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"As long as human rights are violated, there can be no foundation for peace. How can peace grow where speaking the truth is itself a crime?"

China: President Should Ease Tension by Acknowledging Grievances

July 9, 2009

(New York, July 8, 2009) - Chinese President Hu Jintao, who on July 7, 2009
abruptly left the G8 Summit in Italy to return to Beijing to cope with the
Xinjiang protests, should break with past practice and acknowledge Uighurs'
grievances, Human Rights Watch said today. Analysts expect that Hu will
speak publicly about the developments in the coming days.

The Chinese government has never admitted to human rights abuses in the
Xinjiang Uighur Autonomous Region (XUAR), home to 8 million Uighurs. Human
Rights Watch has documented egregious restrictions on religious, political,
educational, linguistic, and economic rights in the region
(http://www.hrw.org/en/reports/2005/04/11/devastating-blows-0 ).

"It's increasingly clear that both Uighurs and Han have engaged in violence
in recent days," said Sophie Richardson, Asia advocacy director at Human
Rights Watch. "But the cycle of violence will only erupt again if the
government doesn't even acknowledge its repressive policies' role in
creating the volatile atmosphere of resentment in Xinjiang."

On July 5, Uighurs took to the streets of Xinjiang's capital, Urumqi, to
protest abusive treatment by the Chinese government. It remains unclear how
the protests became violent, and unclear how many Uighur protesters were
killed by Chinese security forces or how many Han Chinese were killed by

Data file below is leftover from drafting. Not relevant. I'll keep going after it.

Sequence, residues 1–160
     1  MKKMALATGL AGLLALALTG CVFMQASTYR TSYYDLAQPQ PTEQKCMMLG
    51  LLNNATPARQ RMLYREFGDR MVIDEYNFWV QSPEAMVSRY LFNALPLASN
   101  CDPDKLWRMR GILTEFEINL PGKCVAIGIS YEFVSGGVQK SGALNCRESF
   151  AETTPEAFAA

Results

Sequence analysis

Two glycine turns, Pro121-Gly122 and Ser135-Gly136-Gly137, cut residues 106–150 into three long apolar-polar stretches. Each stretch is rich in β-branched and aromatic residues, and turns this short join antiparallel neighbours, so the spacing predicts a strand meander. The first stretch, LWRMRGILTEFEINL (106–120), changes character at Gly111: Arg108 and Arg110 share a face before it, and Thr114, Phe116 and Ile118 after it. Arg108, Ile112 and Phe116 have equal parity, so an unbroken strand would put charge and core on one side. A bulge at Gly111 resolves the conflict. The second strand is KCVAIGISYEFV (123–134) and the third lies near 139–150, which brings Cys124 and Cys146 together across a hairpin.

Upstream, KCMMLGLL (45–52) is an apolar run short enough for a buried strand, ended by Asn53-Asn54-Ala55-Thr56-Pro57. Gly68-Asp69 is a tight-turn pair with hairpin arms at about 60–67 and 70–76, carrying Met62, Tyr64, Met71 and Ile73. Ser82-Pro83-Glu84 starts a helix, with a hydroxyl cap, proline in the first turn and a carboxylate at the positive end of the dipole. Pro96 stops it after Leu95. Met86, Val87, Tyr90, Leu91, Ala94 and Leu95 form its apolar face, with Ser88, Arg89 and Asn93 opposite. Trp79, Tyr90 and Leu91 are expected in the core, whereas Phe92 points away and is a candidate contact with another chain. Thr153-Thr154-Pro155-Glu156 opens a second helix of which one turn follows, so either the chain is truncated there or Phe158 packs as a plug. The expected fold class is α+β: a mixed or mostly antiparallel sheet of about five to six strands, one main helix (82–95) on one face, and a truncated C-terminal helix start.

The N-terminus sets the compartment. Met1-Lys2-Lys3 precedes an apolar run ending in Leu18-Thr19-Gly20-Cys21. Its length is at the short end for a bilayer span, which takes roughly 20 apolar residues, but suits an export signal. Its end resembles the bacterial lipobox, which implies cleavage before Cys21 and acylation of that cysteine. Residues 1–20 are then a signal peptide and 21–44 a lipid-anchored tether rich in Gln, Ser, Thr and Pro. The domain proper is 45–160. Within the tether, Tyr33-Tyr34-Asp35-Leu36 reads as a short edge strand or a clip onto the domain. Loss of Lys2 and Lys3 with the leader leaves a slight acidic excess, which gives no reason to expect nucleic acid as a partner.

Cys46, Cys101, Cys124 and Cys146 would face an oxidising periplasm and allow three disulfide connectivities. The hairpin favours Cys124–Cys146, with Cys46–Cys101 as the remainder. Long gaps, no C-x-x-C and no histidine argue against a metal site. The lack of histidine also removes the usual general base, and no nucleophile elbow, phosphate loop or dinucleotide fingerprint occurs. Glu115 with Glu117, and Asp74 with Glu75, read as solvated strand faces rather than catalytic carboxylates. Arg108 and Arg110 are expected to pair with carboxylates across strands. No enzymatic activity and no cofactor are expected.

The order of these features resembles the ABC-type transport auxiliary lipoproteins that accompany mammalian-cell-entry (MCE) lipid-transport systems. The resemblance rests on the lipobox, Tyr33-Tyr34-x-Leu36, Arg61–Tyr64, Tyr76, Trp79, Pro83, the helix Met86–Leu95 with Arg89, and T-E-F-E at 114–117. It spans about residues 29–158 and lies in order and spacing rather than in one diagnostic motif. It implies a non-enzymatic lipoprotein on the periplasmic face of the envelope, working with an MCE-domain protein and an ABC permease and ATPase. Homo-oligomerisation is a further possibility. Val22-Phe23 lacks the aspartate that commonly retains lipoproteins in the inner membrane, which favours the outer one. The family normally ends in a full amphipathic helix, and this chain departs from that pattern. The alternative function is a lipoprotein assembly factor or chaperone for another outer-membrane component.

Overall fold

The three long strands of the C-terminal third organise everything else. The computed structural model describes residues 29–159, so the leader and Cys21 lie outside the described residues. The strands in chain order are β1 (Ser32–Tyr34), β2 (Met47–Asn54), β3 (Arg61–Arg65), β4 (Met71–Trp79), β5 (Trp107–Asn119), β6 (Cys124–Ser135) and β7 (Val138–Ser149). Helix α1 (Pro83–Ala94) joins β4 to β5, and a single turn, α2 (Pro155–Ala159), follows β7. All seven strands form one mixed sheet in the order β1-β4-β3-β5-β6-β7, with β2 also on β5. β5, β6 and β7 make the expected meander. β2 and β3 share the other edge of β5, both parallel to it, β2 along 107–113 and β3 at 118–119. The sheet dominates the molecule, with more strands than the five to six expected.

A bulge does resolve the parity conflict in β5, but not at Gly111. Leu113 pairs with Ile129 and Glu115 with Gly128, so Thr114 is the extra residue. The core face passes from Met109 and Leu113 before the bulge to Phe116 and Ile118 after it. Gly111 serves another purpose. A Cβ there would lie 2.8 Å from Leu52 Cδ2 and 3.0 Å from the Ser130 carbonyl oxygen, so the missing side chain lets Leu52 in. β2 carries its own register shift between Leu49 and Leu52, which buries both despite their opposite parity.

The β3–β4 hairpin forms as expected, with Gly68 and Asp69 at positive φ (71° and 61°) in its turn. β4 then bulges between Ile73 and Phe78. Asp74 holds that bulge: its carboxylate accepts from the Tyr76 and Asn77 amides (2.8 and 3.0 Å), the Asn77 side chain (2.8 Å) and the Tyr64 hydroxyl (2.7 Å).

Uighur rioters. By July 6, the Chinese officials reported 156 deaths and
more than 800 casualties.

Since that time, Chinese officials and state media have blamed Rebiya
Kadeer, the leader of the Uighur diaspora, for organizing the protests, and
promised to execute those found to have been involved in the Urumqi
protests. Although the Chinese government has permitted foreign
correspondents to remain in the region - an unusual and positive
development - it has at the same time moved swiftly to censor information
domestically about the protests.

Similar protests erupted in Tibet in March 2008. Following those
demonstrations, the Chinese government pledged to deal with any illegal
activity in a manner consistent with the rule of law. Yet within months
Human Rights Watch documented hundreds of arbitrary arrests and dozens of
cases summarily pushed through the legal system, minimal access to defense
counsel, and several sentences criminalizing peaceful expression. The
Chinese government then launched a large-scale political indoctrination
campaign across the region, and credible reports of torture and
"disappearances" of Tibetans have continued to emerge.

Human Rights Watch said that the Chinese government must avoid making the
same mistake by guaranteeing all Uighur protesters access to defense counsel
of their own choosing, to all the evidence against them, and to appeal any
verdicts against them.

Should the Chinese government fail to fulfill these obligations, which are
guaranteed under international law, the United Nations Office of the High
Commissioner for Human Rights should undertake an investigation into the
protests and their aftermath. The European Union, United Nations
Secretary-General Ban Ki-moon, United Nations High Commissioner for Human
Rights Navanethem Pillay, and the United States have called for restraint on
both sides of the dispute.

"President Hu has an enormous opportunity not only to improve China's
international standing, but also to actually mitigate the crisis in
Xinjiang," said Richardson. "Admitting that serious problems exist is the
way to start."

To read about Xinjiang in Human Rights Watch's World Report 2009, please
visit:

http://www.hrw.org/en/node/79301
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